Like the gritty roles that have seen a transformed beauty, Charlize Theron, nominated for Oscars – Monster and North Country - these films convey some of the harsh messages that emanate from what, to so many of us who live here, is a very beautiful country, with an extraordinary people.
In a previous blog post earlier this month (see below, The Politics of Violence Against Women: A South African Perspective, posted Thursday 2nd February), I wrote about how the daily experience of inequality by women and the violence perpetrated against women by men continue unabated in South Africa. “Because of our patriarchal system, power is in the hands of men. Women do not have much say in decision-making, societal issues, and even more sadly, in their intimate relationships. Men control their sexual rights. Women cannot choose when, how and with whom they can have sex” (Memela, 2005, p.98).
As if drawing a line under the issues highlighted in that post, an article in one of our local papers today offers an all-too real and tragic example of the cultural belief that sex is a man’s right and a woman’s obligation – and of the violent consequences of women’s refusal to submit: “…the couple had quarreled that evening because the accused wanted to have sex and his wife did not. The two eventually went to bed and the argument continued. The husband then went to the kitchen, fetched a knife and stabbed his wife.”
Wednesday, February 22, 2006
In 2000, in the case of Stenberg vs Carhart, the Supremes struck down a Nebraska ban on this procedure, in a 5 to 4 ruling that it was so vaguely written that it could also criminalize other procedures, and that it lacked an exception for the woman's health.
The federal Partial-Birth Abortion Ban Act of 2003 banned the procedure except when necessary to save the life of the woman, deliberately omitting an exception to protect the woman's health. The law formally declared that such an abortion could never be necessary to preserve health.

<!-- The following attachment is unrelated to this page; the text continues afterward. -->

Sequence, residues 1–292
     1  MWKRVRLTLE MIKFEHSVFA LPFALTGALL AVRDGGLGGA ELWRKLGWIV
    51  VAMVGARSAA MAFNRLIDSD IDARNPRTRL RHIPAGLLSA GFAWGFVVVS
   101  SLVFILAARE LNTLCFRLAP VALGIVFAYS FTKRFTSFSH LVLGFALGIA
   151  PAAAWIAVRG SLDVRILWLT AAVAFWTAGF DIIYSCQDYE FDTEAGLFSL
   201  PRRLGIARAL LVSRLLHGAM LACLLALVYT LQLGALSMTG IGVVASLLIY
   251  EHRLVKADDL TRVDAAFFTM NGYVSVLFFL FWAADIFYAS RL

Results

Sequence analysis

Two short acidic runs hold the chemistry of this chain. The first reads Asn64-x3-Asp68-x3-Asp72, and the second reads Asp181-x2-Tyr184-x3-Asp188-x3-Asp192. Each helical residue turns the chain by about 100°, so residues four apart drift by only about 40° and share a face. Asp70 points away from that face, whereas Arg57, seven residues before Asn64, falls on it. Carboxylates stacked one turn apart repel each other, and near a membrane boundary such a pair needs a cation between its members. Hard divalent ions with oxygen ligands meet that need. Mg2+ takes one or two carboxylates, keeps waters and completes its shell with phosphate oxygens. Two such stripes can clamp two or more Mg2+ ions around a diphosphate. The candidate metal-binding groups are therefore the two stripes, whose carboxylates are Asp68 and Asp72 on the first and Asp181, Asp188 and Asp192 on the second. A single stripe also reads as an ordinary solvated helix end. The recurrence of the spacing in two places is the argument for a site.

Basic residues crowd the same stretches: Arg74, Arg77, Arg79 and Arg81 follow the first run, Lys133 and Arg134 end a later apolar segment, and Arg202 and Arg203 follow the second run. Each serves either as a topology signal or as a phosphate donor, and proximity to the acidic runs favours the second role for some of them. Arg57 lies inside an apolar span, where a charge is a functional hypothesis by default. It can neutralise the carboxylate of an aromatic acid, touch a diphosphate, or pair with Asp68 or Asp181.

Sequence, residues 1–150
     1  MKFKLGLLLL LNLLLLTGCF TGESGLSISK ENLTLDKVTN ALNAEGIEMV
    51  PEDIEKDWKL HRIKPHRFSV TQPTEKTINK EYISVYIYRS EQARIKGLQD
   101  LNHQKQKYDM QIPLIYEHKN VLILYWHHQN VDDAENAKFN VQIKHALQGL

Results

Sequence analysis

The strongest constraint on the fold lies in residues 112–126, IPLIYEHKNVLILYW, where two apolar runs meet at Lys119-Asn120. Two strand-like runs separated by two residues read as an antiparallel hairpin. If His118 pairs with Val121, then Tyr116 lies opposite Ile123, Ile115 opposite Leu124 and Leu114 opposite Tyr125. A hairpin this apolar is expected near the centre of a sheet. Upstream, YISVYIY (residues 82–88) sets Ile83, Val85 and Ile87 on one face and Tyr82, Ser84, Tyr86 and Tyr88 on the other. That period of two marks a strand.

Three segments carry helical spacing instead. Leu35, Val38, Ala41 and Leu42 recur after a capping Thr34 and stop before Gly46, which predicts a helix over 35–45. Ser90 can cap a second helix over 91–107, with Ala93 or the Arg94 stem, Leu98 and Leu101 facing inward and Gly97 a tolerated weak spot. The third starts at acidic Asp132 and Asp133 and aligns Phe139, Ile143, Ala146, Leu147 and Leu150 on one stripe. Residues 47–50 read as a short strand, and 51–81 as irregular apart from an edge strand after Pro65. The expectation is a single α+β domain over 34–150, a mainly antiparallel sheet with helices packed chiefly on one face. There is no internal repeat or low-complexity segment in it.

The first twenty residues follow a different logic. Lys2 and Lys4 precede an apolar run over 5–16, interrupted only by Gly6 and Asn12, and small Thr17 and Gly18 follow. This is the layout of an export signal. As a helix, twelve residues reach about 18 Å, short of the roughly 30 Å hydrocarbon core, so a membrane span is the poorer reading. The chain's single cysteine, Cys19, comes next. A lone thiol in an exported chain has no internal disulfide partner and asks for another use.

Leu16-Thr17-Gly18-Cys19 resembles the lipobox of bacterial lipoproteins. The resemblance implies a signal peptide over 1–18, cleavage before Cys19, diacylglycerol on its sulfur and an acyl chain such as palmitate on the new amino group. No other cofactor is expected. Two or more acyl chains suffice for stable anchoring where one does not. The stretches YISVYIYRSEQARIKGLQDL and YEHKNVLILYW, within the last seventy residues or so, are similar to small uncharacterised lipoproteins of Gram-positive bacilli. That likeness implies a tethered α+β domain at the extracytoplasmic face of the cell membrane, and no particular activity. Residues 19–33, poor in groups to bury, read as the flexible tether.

Food for thought: Is this 2003 Act by Congress an attempt to practice medicine like they did in the Terri Schiavo case?
The Institute of Medicine of the National Academy of Sciences issued a report last year calling for the establishment of a National Cord Blood Stem Cell Bank Program; what the National Marrow Donor Program is doing is the first step.
[thanks, Karama Neal!]
The ethical showdown came to a head when two anesthesiologists refused to participate in the execution after learning they would be expected to tell prison officials whether or not the prisoner needed more sedation or possibly even give him more medication, thereby allowing the execution to proceed. Prison officials couldn't find a doctor, nurse, or other person licensed to inject medications to give a fatal dose of barbiturate.
The AMA and many other medical groups have long opposed doctors having any role in executions, including monitoring a prisoner’s vital signs or giving technical advice.
Tuesday, February 21, 2006
The members of the newly formed WBP East Coast Advisory Board include:
R. Alta Charo, J.D., visiting professor of law, University of California, Berkeley; Knowles Professor of Law & Bioethics, University of Wisconsin Law and Medical Schools
Nancy Chilton, public relations consultant; Council of Advocates, Planned Parenthood of New York City
Katie Danziger, chair, board development, Planned Parenthood of New York City
Robin N. Fiore, Ph.D.,
Maureen Jerome, corporate manager, art historian; principal ARTLIFEdesign. LLC
Frances Kissling, president, Catholics for a Free Choice
Hilde Lindemann Nelson, Ph.D., associate professor of philosophy,
Linda MacDonald Glenn, J.D., LLM, associate adjunct professor,
Mary Mahowald, Ph.D., professor emerita, Department of Obstetrics and Gynecology, University of Chicago; MacLean Center for Clinical Medical Ethics
Jonathan Moreno, Ph.D., senior fellow, Center for American Progress; Emily Davie and Joseph S. Kornfeld Professor of Biomedical Ethics; director, Center for Biomedical Ethics, University of Virginia
Laura Philips, Ph.D., MBA, chief operating officer, NexGenix
Rosemarie Tong, Ph.D., distinguished professor of Health Care Ethics in the Department of Philosophy; director, Center for Professional and Applied Ethics, University of North Carolina, Charlotte.
Leslie R. Wolfe, Ph.D., president, Center for Women Policy Studies
“The addition of so many recognized and thoughtful individuals to our East Coast Advisory Board will significantly strengthen our position as an authentic and important voice within current and emerging bioethics debates,” said Kathryn M. Hinsch, founder of the WBP. “We are so pleased that they have agreed to join us in our efforts. The newly established East Coast board will work closely with our West Coast advisory board, which was established in 2004 and has guided the organization from its inception.”
Monday, February 20, 2006
Still, Harford does rightfully point out: "When men are taken out of the marriage market by war or by prison, women suffer. The reverse is probably true, too: When women are taken from the marriage market, men suffer. In China, the policy of one-child families coupled with selective abortion of girls has produced "surplus" males. Such men are called "bare branches," and China could have 30 million of them by 2020. Perhaps polyandry—women with multiple husbands—would be the logical response to the situation in China."